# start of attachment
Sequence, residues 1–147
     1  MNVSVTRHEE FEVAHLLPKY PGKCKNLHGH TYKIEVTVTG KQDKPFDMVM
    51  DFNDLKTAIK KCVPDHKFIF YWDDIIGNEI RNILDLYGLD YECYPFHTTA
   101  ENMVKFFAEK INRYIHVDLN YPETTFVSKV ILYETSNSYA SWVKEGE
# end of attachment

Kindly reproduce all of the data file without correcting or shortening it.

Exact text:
Sequence, residues 1–147
     1  MNVSVTRHEE FEVAHLLPKY PGKCKNLHGH TYKIEVTVTG KQDKPFDMVM
    51  DFNDLKTAIK KCVPDHKFIF YWDDIIGNEI RNILDLYGLD YECYPFHTTA
   101  ENMVKFFAEK INRYIHVDLN YPETTFVSKV ILYETSNSYA SWVKEGE